Mr. Levy is also proud of overhauling the school system's teacher recruitment system, and especially of creating a selective program that has drawn several thousand career-changers and recent college graduates to teach in troubled schools. He said that this September, nearly 100 percent of newly hired teachers will be certified, compared with 40 percent in recent years.

His other major accomplishment, he said, was the new teachers' union contract, which raises the salary for starting teachers to $39,000 from $31,900 and speeds up the disciplinary process. While the union and Mr. Bloomberg can claim much of the credit for getting the contract done in May, Mr. Levy said that it was he ''who insisted that we have $39,000 and not a penny less.'' Because of the pay raise, he said, the number of certified teachers applying for jobs here is up sharply, an extraordinary change.

By the time Mr. Bloomberg won the mayoralty last fall, the city was reeling from the Sept. 11 attacks and Mr. Levy -- who relishes the limelight but has usually understood when it was politically prudent to avoid it -- laid low. When Mr. Bloomberg invited him to lunch on Nov. 16, Mr. Levy said, he had decided that he wanted to be the chancellor for another year, tops.

''This is a difficult job and it is financially demanding on me,'' said Mr. Levy, who makes $245,000 as chancellor and said he took a sizable paycut when he left Citigroup. ''Besides, I thought it was very important for the mayor to have his own person, someone he trusts and knows, who he feels owes him loyalty. So I told him at lunch that day, 'If you want me to go, I'll go, if you want me to stay, I'll stay. But only for another year.' ''

On July 29, when Mr. Bloomberg held a news conference to introduce Mr. Klein as the next chancellor, Mr. Levy was en route to a conference in Aspen, Colo. When his press secretary called to break the news, Mr. Levy was as surprised as anyone, he said.

''When I returned home,'' he said, ''my wife and I broke out the Champagne.''

Mr. Levy said he was not only relieved to hear a successor had been chosen, but elated that Mr. Bloomberg, in introducing Mr. Klein, said New York City had some of the nation's best schools. ''It's something I've been saying for a long time, and it was very rewarding and heartening to hear the mayor say that publicly,'' he said. ''Now that these governance changes have happened, the mayor has to take ownership of the schools and not just beat up on them, and I think that's an invaluable shift.''

After relinquishing his job this Friday, Mr. Levy said his only immediate plan is to go canoeing in New Hampshire with his wife, Patricia Sapinsley, and their children, Noah and Hannah. Despite rumors that he has expressed interest in the presidencies of several universities, he said last Friday that he wanted a rest.

''Everyone I've talked to who's been in a job like this has said, 'Take time to be with your family and reorient yourself,' '' he said. ''You need time to decompress.''

Photo: Harold O. Levy in the chancellor's conference room at 110 Livingston Street on Friday, a week before his job as schools chancellor ends. (Nicole Bengiveno/The New York Times)

April 1, 2003
In New Job, Former Schools Chancellor Tackles Teacher Training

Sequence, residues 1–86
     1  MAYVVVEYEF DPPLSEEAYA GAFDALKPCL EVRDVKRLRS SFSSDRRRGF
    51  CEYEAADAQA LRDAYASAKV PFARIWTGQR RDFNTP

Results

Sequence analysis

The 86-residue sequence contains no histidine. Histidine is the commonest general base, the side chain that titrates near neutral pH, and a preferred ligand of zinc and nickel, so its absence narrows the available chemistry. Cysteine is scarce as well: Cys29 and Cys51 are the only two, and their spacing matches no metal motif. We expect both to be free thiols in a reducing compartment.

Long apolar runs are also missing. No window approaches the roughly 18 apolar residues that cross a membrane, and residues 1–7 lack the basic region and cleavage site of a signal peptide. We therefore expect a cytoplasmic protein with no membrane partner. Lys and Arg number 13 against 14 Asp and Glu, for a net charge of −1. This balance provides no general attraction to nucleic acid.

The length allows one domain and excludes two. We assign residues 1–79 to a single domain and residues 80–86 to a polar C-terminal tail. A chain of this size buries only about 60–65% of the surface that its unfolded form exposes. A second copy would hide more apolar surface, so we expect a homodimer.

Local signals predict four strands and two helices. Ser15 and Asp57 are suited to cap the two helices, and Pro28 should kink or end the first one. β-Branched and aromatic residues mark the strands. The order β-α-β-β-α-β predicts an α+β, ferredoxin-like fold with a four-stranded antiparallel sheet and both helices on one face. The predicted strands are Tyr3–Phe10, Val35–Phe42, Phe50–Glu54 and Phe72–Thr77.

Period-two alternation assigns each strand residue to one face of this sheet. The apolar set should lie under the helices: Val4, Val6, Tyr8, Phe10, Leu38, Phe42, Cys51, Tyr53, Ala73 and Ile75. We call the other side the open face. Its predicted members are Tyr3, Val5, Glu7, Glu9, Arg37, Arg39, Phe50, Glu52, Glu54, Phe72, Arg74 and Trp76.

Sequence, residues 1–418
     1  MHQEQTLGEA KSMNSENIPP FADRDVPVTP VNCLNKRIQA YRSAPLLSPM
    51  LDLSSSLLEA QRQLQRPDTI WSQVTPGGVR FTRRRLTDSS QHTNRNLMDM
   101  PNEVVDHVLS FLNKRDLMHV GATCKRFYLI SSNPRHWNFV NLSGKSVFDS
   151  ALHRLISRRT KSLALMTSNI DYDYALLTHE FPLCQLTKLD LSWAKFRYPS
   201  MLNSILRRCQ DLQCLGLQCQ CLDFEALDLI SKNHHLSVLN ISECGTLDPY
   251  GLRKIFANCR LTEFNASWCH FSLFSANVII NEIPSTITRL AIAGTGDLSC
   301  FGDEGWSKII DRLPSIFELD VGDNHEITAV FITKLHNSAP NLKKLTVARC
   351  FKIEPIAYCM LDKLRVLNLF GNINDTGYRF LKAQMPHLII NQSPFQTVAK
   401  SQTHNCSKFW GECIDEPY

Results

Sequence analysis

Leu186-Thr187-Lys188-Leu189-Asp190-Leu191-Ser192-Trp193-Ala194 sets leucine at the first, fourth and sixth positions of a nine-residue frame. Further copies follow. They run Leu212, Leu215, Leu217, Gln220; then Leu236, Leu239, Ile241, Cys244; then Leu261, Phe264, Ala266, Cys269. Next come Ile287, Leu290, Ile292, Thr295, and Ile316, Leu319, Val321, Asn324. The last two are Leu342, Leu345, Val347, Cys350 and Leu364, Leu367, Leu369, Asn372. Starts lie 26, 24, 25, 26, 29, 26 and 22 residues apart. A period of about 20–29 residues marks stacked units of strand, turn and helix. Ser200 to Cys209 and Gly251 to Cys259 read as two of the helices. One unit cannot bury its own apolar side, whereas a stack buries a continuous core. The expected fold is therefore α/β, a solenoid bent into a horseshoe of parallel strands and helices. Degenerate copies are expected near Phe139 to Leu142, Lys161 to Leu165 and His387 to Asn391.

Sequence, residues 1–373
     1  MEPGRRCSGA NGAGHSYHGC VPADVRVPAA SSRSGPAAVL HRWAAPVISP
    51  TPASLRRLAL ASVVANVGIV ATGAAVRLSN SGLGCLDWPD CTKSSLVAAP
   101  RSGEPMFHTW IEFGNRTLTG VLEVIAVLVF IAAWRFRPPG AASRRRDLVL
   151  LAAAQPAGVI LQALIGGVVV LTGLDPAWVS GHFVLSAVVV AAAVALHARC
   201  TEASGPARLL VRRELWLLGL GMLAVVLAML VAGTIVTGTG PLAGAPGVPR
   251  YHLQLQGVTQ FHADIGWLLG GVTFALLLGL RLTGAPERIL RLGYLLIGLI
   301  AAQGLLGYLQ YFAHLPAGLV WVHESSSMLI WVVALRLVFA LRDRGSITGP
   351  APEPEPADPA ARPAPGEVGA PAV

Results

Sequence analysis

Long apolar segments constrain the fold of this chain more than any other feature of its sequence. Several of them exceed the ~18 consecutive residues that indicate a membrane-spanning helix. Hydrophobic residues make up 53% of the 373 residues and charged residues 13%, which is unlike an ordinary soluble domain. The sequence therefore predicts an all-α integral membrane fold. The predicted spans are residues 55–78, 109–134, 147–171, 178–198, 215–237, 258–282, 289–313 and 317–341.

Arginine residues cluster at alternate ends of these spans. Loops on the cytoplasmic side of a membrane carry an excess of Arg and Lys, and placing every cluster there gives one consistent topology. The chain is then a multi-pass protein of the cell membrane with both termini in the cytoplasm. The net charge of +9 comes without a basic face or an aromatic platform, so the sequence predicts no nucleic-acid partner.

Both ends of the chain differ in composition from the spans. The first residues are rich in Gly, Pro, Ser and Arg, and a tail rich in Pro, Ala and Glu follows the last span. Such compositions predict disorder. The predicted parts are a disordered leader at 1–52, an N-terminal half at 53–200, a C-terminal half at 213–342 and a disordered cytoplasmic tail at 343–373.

Harold O. Levy, the New York City schools chancellor until last August, has gone to work for Kaplan Inc., the test-preparation company, where he will oversee the creation of a for-profit school of education that will offer bachelor's and master's degrees to teachers in training.

Mr. Levy said the job was a good fit because of his work creating the New York City Teaching Fellows program, which recruits recent college graduates and people from other professions to teach in low-performing schools while the school system pays for them to get master's degrees in education.

''There is a crying need for more teachers, better teachers, and the existing education colleges simply are not meeting that need,'' Mr. Levy said in an interview. ''Bringing the expertise and nimbleness of the private sector to bear is what will make the difference.''

Mr. Levy, 50, was the city's first chancellor from the corporate sector. He was the director of global compliance at Citigroup when the Board of Education hired him in January 2000 over the objections of Mayor Rudolph W. Giuliani, who supported another candidate.

Now, Mr. Levy is the first chancellor in recent times to move from the school system to business world rather than the nonprofit education sector. Neither he nor a Kaplan spokeswoman would disclose his salary, though one person said it was higher than the $245,000 a year he earned as chancellor.

Mr. Levy will work as senior vice president for Kaplan's higher education division, developing an education school for training teachers as well as principals and other administrators. The school would need approval from a regional accreditation organization and from federal and state education departments.

Mr. Levy, who left the chancellor post after Mayor Michael R. Bloomberg won control of the school system last June and made clear that he wanted someone new, has spent the last seven months working on a book about the school system and looking for a job.

As chancellor, Mr. Levy often complained that New York State's education colleges did not supply nearly enough teachers to meet the demand, and that many of their programs were not sufficiently rigorous. He would not say how Kaplan's school of education would be different, though he said it would ideally enroll ''high-quality candidates who have been successful in some other career.''